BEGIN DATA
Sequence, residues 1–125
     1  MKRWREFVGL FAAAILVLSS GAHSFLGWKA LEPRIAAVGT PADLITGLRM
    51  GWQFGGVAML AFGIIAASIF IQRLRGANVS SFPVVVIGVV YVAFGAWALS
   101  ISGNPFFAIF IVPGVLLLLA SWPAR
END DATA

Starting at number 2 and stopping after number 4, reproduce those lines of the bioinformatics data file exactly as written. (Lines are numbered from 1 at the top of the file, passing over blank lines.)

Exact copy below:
     1  MKRWREFVGL FAAAILVLSS GAHSFLGWKA LEPRIAAVGT PADLITGLRM
    51  GWQFGGVAML AFGIIAASIF IQRLRGANVS SFPVVVIGVV YVAFGAWALS
   101  ISGNPFFAIF IVPGVLLLLA SWPAR